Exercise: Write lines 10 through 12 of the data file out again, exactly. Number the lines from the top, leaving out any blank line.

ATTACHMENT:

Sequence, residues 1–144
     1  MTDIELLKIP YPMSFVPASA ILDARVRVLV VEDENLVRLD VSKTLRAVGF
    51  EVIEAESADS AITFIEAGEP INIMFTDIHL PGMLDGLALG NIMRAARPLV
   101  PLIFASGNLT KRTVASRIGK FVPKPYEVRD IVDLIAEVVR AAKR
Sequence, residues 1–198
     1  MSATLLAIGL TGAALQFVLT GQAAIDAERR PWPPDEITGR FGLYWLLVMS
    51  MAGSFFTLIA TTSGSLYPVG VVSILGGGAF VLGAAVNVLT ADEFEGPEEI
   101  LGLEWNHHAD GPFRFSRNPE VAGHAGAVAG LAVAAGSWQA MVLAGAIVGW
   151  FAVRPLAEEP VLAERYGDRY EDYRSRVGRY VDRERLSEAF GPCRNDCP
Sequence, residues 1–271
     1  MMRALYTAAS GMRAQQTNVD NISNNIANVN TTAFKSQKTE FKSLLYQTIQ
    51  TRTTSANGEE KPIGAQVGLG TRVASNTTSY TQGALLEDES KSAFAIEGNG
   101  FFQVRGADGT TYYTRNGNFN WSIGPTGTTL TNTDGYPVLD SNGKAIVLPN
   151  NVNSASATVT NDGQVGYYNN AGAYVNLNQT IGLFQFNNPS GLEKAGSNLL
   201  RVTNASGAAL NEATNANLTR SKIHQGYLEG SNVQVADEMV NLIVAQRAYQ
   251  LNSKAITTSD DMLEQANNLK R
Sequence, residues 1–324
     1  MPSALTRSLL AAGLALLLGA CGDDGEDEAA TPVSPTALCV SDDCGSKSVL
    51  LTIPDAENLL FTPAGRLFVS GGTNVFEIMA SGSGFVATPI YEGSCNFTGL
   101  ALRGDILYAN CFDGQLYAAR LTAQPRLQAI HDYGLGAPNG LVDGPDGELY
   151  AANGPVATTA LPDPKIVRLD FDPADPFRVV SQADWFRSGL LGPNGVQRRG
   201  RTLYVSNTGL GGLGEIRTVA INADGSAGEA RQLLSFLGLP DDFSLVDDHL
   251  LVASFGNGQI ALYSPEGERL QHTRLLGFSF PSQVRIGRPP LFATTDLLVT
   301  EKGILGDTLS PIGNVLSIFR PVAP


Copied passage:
Sequence, residues 1–271
     1  MMRALYTAAS GMRAQQTNVD NISNNIANVN TTAFKSQKTE FKSLLYQTIQ
    51  TRTTSANGEE KPIGAQVGLG TRVASNTTSY TQGALLEDES KSAFAIEGNG